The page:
Video Belgium-Germany Border Remains Porous, Even As Manhunt For Paris Attacker Continues

One of the suspected gunmen in the Nov. 13 Paris attacks, Salah Abdeslam, evaded law enforcement, made his way to Belgium, and is now believed to have fled to Germany. VOA correspondent Ayesha Tanzeem makes the journey across the border from Belgium into Germany to see how porous the borders really are.

Video Islamic State Unfazed by Losses in Iraq, Syria

Progress in the U.S.-led effort to beat Islamic State on its home turf in Iraq and Syria has led some to speculate the terror group may be growing desperate. But counterterror officials say that is not the case, and warn the recent spate of terror attacks is merely part of the group’s evolution. VOA National Security correspondent Jeff Seldin has more.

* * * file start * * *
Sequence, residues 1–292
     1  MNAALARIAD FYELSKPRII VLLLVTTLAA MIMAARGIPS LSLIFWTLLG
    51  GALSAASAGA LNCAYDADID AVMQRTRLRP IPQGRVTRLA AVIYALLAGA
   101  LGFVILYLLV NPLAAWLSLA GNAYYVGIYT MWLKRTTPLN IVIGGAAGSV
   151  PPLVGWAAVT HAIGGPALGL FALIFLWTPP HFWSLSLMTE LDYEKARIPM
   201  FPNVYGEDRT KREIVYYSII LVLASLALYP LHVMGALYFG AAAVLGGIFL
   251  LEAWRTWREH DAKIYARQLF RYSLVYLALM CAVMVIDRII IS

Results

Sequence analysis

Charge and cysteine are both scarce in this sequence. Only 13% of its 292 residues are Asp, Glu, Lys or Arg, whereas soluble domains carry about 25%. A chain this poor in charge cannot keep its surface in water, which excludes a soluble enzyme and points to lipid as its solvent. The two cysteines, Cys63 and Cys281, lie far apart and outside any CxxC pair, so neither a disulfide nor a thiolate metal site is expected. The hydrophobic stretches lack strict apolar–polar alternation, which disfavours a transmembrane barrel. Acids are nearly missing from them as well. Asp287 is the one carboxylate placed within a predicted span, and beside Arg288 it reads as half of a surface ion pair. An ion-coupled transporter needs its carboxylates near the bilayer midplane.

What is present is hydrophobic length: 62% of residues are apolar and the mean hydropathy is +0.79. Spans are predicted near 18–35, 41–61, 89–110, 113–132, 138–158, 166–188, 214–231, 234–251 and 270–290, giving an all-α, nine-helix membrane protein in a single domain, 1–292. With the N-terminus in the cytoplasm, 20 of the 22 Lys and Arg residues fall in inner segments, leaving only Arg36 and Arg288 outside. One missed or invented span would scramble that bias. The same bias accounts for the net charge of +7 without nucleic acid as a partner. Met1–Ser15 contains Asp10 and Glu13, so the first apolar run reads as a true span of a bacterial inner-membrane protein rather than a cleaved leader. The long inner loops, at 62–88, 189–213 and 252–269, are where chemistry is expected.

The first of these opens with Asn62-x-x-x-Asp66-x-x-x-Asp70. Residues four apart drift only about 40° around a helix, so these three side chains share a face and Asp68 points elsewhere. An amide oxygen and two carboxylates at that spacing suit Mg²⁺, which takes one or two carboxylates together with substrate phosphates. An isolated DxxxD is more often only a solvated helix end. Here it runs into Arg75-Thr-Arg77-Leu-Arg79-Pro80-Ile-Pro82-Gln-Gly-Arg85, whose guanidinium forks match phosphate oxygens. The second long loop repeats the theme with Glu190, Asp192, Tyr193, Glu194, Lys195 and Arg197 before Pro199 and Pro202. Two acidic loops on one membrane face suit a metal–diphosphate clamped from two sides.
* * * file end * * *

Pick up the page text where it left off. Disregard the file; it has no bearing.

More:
Video Taiwan Looks for Role in South China Sea Dispute

The Taiwanese government is one of several that claims territory in the hotly contested South China Sea, but Taipei has long been sidelined in the dispute, overshadowed by China. Now, as the Philippines challenges Beijing’s claims in an international court at The Hague, Taipei is looking to publicly assert its claims. VOA’s Bill Ide has more from Beijing.

Video Syrian Refugees in US Express Concern for Those Left Behind

Syrian immigrants in the United States are concerned about the negative tide of public opinion and the politicians who want to block a U.S. plan to accept 10,000 Syrian refugees. Zlatica Hoke reports many Americans are fighting to dispel suspicions linking refugees to terrorists.

Video After Paris Attacks, France Steps Up Fight Against IS